Dr. Ronald Graves is the Director of the Sustainable Transportation Program at the Oak Ridge National Laboratory (ORNL), which covers the laboratory’s research in vehicle efficiency technologies, fuels, and intelligent transportation systems. He joined ORNL in 1976 after receiving his Ph.D. in Mechanical Engineering from the University of Tennessee. He has been a member and leader of many projects in transportation fuels and engines since the early 1980s, including work on methanol, ethanol, and the effects of diesel fuel sulfur and fuel composition on combustion and emissions. He currently serves on the technical teams for the U.S. DRIVE Partnership and the 21st Century Truck Partnership. Over 25 years ago, he led the establishment of engine and emissions research at ORNL that continues today. He has participated in Working Groups of the Coordinating Research Council and is a Fellow of the Society of Automotive Engineers. Dr. Graves has a record of over 60 publications and reports that encompass subjects in internal combustion engines, fuels, power systems, and materials. He shares four patents with co-workers. He recently served on the National Academy of Sciences committee on Medium and Heavy Duty Vehicle fuel economy.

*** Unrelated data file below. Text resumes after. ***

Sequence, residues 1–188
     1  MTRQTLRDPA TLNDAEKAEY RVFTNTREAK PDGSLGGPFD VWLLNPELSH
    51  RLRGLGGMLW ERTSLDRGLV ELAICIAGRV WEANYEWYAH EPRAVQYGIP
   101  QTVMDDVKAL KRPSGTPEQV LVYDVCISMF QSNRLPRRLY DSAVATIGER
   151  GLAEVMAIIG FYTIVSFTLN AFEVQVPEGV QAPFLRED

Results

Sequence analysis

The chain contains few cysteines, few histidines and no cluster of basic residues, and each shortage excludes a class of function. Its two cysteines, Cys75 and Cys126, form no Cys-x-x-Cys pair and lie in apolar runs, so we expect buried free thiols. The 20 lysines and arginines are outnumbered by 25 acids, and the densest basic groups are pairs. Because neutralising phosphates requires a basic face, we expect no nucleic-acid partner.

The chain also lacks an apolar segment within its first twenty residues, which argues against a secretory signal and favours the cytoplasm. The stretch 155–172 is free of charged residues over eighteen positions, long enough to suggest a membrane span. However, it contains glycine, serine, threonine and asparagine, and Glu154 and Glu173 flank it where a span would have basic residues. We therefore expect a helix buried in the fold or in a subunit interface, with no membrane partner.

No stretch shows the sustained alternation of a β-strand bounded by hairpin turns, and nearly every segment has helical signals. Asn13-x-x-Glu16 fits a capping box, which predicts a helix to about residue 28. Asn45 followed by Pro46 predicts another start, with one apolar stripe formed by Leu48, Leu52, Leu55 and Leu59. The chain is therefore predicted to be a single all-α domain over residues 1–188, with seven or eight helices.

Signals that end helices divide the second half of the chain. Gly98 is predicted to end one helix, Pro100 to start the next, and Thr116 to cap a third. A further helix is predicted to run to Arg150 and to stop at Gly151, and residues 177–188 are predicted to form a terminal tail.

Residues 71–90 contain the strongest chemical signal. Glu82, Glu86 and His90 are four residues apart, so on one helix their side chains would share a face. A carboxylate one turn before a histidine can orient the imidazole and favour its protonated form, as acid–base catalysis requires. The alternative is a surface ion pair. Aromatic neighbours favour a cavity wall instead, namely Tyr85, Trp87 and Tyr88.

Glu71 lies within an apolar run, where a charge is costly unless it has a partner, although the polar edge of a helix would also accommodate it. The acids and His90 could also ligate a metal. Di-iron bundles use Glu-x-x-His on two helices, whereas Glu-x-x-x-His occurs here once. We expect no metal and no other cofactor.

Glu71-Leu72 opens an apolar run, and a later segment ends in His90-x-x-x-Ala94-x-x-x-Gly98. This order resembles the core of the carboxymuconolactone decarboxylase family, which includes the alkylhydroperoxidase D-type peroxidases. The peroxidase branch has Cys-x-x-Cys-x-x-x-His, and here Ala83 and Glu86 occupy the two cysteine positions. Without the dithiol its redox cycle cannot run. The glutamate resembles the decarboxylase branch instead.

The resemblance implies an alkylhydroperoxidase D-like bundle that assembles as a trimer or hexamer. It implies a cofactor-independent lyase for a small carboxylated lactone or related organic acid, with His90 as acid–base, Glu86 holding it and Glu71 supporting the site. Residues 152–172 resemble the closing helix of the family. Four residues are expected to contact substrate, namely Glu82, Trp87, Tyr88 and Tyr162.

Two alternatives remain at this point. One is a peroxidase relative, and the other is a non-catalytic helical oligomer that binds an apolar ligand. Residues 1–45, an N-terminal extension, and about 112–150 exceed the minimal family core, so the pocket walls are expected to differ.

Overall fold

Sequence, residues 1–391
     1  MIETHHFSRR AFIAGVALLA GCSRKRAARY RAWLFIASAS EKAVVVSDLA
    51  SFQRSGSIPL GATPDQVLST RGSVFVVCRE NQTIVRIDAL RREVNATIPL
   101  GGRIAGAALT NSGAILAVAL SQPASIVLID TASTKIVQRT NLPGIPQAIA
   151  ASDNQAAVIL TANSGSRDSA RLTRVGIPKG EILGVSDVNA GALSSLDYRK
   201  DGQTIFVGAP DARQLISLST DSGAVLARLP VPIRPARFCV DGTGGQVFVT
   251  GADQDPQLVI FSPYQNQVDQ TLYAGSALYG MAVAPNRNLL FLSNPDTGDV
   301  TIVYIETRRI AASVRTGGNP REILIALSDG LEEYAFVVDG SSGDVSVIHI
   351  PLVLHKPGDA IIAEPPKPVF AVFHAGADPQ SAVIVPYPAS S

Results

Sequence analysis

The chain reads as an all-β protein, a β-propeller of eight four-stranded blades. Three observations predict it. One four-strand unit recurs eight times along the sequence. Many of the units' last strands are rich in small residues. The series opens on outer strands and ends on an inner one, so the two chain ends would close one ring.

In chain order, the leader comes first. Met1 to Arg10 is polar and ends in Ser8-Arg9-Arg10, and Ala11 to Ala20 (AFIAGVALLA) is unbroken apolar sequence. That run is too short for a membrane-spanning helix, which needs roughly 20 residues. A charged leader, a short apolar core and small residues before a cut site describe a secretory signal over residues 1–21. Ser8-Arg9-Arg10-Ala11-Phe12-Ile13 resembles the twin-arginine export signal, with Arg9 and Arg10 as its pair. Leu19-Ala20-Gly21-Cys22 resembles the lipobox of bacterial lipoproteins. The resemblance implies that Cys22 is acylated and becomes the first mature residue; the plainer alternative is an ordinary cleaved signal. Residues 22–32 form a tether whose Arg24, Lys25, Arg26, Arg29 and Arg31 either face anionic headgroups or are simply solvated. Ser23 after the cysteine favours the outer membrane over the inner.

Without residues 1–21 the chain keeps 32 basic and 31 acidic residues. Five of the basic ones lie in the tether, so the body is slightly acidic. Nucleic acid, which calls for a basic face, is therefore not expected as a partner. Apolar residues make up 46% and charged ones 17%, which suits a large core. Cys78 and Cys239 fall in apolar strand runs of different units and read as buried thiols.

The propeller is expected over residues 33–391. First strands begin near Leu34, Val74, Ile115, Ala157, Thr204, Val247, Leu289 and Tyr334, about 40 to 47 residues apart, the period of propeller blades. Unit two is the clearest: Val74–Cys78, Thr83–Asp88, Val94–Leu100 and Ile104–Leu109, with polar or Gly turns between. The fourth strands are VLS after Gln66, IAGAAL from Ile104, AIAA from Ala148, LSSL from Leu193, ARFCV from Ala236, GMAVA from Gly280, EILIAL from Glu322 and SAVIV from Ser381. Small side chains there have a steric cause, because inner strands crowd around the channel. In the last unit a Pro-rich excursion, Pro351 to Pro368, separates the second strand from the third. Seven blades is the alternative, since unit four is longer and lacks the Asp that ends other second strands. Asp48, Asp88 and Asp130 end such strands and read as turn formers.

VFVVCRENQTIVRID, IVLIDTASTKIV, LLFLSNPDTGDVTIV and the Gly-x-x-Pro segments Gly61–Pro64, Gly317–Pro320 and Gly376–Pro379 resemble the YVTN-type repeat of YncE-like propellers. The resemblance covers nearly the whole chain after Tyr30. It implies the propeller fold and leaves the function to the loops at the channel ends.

John B. Heywood
Sun Jae Professor of Mechanical Engineering, Emeritus
Massachusetts Institute of Technology
Professor Heywood has been a faculty member at MIT since 1968, where he has been Sun Jae Professor of Mechanical Engineering, and Director of the Sloan Automotive Laboratory. His interests are focused on internal combustion engines, their fuels, and broader studies of future transportation technology and policy, fuel supply options, and air pollutant and greenhouse gas emissions. He has published over 200 papers in the technical literature, and is the author of five books including a major text and professional reference "Internal Combustion Engine Fundamentals." He is a Fellow of the Society of Automotive Engineers, and has received many awards for his work. He is a member of the National Academy of Engineering and a Fellow of the American Academy of Arts and Sciences.
Biofuel Implementation Manager